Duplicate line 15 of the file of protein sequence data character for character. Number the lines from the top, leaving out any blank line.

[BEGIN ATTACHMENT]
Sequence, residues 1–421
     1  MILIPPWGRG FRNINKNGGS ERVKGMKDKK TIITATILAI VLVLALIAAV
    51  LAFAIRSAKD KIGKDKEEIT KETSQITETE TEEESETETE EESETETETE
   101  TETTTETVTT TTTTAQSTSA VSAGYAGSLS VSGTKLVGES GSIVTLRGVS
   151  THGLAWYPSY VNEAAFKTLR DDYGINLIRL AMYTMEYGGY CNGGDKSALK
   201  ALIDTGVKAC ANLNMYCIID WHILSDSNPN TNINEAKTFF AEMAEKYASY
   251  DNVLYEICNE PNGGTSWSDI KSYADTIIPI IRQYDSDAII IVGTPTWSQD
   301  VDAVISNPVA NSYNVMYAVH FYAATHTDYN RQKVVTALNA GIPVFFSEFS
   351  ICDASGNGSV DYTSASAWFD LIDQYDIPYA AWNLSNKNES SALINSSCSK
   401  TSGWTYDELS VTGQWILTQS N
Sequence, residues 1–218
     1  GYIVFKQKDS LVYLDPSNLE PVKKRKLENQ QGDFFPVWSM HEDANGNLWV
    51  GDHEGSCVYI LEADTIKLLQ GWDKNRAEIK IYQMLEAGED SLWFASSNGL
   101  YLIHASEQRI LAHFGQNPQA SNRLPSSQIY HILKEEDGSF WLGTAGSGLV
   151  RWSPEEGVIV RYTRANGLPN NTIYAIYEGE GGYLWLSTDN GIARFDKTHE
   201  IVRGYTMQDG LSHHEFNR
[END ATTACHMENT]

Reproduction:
   151  RWSPEEGVIV RYTRANGLPN NTIYAIYEGE GGYLWLSTDN GIARFDKTHE